The story so far: At a Monday morning prayer meeting, Joseph Makumbo witnesses one elderly lady murder another. Shortly after, a villain’s son, Darren Chafford, robs the church, which has been left open. Meanwhile, two postmen have a duel to determine who will deliver an envelope to Proctorpress Publishing Company. Later that morning…
Monday 4th November 1985: 10.30 – 11.30
Spiky Simmonds whistled as he bounded up the steps of Cheaprate Building, on his way to the fourth floor and Proctorpress Publishing Company. He’d finished his own round in double-quick time in order to get to this moment. Most of what he’d delivered had probably gone through the wrong doors; but then, his round consisted almost entirely of wrinklies, and one old person’s post was very much like another’s, as far as he could see.
He’d given Bill Johnson a good pasting in their duel, as expected; Fred Harris had called the contest off after five minutes to stop old Johnno ‘taking too much punishment’. Two of the others had carried Johnno home, while two more had divided his round between them; apart from the prized Proctorpress envelope, of course.
Spiky chuckled at the thought of Bill Johnson standing preening himself in front of Sally Evans. The old fool would have looked ridiculous.
At the top of the stairs, he turned left into the Gents. Just as well to check the ol’ appearance.
He spent several minutes with the gel pot he routinely carried in his post bag, fashioning his hair into an even sharper version of its trademark punky style. Sweet, he thought, flashing himself a grin in the mirror.
He opened the door to leave. ‘Excuse me,’ a voice said. ‘I believe you have forgotten something.’
Bugger! The envelope.
Turning back, he snatched it from the washbasin. ‘Thanks, geezer,’ he said.
Halfway through the door, he stopped.
Very slowly, he turned round.
He scanned the washroom. Urinals – uninhabited.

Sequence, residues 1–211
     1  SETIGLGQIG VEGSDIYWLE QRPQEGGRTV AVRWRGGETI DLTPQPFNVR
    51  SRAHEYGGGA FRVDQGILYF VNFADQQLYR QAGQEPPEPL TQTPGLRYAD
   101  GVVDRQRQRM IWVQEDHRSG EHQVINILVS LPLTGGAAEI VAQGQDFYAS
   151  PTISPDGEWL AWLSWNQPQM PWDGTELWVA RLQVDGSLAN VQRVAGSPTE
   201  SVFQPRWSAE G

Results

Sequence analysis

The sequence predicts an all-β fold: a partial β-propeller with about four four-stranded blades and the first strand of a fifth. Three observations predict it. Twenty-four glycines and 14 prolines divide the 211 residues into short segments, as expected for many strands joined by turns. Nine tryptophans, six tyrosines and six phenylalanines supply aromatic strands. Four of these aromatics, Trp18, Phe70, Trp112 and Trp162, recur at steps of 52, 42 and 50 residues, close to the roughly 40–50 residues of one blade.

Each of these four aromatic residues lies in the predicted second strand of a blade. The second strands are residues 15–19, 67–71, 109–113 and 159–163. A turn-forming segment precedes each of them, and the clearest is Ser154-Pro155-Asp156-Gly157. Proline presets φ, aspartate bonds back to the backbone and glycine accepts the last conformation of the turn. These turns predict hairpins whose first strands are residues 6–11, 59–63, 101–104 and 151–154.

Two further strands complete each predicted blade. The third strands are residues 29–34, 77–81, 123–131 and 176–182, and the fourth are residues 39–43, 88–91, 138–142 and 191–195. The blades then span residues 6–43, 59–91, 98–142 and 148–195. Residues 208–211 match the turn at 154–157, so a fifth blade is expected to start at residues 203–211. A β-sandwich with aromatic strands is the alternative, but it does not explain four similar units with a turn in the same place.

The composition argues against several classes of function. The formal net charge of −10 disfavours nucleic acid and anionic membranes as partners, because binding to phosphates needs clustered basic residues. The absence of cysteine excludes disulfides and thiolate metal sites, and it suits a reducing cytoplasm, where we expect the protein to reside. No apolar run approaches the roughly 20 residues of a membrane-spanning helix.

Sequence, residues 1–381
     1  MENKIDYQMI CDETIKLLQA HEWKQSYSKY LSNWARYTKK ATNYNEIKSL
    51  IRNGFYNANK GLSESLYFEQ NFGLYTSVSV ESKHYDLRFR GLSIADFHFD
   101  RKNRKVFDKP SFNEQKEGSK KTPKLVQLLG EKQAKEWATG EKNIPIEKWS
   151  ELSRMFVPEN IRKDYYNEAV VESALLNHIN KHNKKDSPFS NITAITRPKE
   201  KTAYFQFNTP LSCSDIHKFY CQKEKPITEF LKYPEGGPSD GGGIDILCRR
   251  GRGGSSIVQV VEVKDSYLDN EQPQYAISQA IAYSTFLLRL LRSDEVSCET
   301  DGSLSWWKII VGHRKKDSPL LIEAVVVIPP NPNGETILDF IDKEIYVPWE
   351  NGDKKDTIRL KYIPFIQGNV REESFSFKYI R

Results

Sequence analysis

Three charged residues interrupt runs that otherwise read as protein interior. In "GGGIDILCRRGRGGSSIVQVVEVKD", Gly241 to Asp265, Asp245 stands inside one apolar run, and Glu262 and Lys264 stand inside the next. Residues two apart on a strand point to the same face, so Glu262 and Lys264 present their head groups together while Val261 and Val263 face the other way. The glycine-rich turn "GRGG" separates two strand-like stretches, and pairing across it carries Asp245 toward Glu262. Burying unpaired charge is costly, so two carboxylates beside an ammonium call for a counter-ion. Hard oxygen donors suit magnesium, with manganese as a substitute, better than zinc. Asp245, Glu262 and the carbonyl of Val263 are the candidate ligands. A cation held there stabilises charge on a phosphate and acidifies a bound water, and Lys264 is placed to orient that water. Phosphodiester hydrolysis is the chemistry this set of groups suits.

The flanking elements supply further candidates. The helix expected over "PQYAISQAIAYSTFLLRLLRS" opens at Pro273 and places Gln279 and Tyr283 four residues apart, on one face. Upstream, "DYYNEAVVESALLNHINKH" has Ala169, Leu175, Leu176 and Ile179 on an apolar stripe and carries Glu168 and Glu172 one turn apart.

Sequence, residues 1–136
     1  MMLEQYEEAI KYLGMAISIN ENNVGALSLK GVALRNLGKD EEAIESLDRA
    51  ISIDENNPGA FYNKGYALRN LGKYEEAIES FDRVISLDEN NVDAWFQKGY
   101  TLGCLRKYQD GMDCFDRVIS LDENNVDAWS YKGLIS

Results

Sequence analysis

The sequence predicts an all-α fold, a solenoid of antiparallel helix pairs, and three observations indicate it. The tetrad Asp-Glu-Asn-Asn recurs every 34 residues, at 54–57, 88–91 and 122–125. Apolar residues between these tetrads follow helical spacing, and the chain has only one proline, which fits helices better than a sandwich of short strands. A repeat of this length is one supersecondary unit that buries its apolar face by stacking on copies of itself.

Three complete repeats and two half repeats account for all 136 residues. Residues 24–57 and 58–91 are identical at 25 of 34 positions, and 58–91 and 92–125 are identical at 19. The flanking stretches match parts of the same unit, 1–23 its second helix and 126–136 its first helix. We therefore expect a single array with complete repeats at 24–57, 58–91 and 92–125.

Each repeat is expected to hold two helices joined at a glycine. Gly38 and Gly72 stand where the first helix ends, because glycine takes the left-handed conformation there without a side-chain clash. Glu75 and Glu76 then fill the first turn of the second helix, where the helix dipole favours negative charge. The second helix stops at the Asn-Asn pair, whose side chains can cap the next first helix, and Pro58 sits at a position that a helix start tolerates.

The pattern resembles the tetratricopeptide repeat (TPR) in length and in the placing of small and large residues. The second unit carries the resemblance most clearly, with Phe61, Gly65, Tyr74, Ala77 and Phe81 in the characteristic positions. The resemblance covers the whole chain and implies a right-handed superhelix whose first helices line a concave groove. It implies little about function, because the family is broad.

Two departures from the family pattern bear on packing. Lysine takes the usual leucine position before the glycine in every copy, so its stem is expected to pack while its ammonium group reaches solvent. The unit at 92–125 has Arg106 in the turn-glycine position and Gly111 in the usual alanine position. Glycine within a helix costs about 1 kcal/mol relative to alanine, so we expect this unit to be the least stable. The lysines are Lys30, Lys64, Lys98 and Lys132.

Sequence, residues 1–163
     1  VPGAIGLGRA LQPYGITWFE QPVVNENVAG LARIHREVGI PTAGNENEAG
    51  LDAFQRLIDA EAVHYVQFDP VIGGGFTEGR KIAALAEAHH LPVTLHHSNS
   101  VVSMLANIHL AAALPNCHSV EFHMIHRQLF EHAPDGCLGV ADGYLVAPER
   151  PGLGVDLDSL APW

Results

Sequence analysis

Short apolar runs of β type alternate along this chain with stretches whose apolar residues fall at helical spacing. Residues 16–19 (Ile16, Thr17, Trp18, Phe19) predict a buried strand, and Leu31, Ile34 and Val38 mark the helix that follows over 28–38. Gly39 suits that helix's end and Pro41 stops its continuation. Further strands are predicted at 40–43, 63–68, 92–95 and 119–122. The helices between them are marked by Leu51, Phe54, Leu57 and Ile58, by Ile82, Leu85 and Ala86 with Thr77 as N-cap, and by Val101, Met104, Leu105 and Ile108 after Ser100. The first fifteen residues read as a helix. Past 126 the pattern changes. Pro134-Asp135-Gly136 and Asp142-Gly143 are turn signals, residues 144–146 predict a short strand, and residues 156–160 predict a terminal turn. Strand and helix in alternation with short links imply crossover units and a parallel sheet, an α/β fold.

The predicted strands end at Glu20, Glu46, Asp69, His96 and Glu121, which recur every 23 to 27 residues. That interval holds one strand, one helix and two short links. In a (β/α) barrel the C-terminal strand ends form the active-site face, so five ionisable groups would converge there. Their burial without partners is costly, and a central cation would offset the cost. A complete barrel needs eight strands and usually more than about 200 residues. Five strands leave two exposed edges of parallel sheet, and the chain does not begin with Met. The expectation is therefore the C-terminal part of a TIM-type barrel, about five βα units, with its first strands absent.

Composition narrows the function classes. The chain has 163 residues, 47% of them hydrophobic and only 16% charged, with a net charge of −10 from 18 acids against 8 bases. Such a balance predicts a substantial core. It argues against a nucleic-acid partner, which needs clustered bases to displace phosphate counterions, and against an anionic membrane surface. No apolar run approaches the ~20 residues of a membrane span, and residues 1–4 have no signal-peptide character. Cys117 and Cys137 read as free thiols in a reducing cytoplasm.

Cubicles – doors all standing wide open – ditto.
‘You are welcome,’ the voice said, right beside his ear.
Sally Evans sat at her desk and braced herself for the coming ordeal.
She’d heard the cheerful whistle ascending the stairs, a sure sign that a package from the post office was about to come her way; nobody but the postman, thrilled with the thought of coming to see her, ever sounded that happy in the building. From the bouncing rhythm of the footsteps, she could tell it wasn’t Bill, whose plod – even when he was about to enter the office – was as unvarying as the cliched manuscripts her boss generally received.
No matter. That just meant there’d be a different grey-clad figure striding through the door any second, grinning like a maniac, making googly eyes at her and staring at her chest while pretending not to.
She’d heard the toilet door swing open and shut a few minutes before; now she heard it again.
Footsteps pounded across the hallway floor, and she shot backwards in her wheelie-chair as the office door detonated inwards. She only had time to register the expected uniform, topped by a headful of what appeared to be railing spikes, before something brown was hurled in her direction. Then the figure was gone, and she heard footsteps thundering down the stairs. The front door crashing into the wall sounded clearly, even as far up as she was. Then silence fell, all the deeper for the noisy entertainment that had preceded it.
Sally stared at the door, still vibrating from the force of its opening. The envelope had skidded with surprising accuracy onto her desk, through a small pile of paperwork, then off again and onto the floor beside her.
She picked it up, and wheeled her chair back to her desk. Then she got up and shut the door, checking for damage. A bit of plaster on the wall was dented where the handle had impacted it, but otherwise nothing was too badly amiss.
Next, she took off her overcoat, which she’d donned as protection against the expected leering.
Shrugging, she reseated herself. Whatever was going on, at least she’d been spared that for another day.
She opened the envelope and extracted a neatly-bound set of papers; another writer-in-hope’s manuscript. Surprisingly thin; her trained eye estimated that, given the normal double-spacing and adequate margins, the whole would come to around 6,000 words, enough for two or three chapters only.
Sensible. The last effort from a wannabe that had come thudding onto her desk had amounted to 800 pages of total gibberish; far better to send in a portion, so her boss could dictate the inevitable rejection a lot sooner.
She laid aside the covering letter, and glanced at the manuscript’s title. Ah, another murder mystery.
She busied herself with the paperwork that had been scattered by its odd arrival. She’d give the manuscript to Kevin later; he was currently doing battle with a love triangle between a Patagonian shepherdess, a prince of the Undongo tribe in East Venezuala and a merman from the planet Oolaxian, so there was no hurry.